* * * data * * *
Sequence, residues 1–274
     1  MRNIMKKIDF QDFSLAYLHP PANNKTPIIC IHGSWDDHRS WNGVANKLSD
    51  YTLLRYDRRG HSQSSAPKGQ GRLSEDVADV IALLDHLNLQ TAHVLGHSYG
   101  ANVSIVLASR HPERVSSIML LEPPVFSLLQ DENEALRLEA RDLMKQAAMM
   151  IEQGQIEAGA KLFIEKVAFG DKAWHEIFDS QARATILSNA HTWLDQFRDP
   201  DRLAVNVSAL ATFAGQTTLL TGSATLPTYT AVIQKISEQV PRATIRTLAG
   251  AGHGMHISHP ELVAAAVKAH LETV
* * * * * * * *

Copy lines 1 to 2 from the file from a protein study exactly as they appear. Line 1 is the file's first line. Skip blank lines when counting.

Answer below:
Sequence, residues 1–274
     1  MRNIMKKIDF QDFSLAYLHP PANNKTPIIC IHGSWDDHRS WNGVANKLSD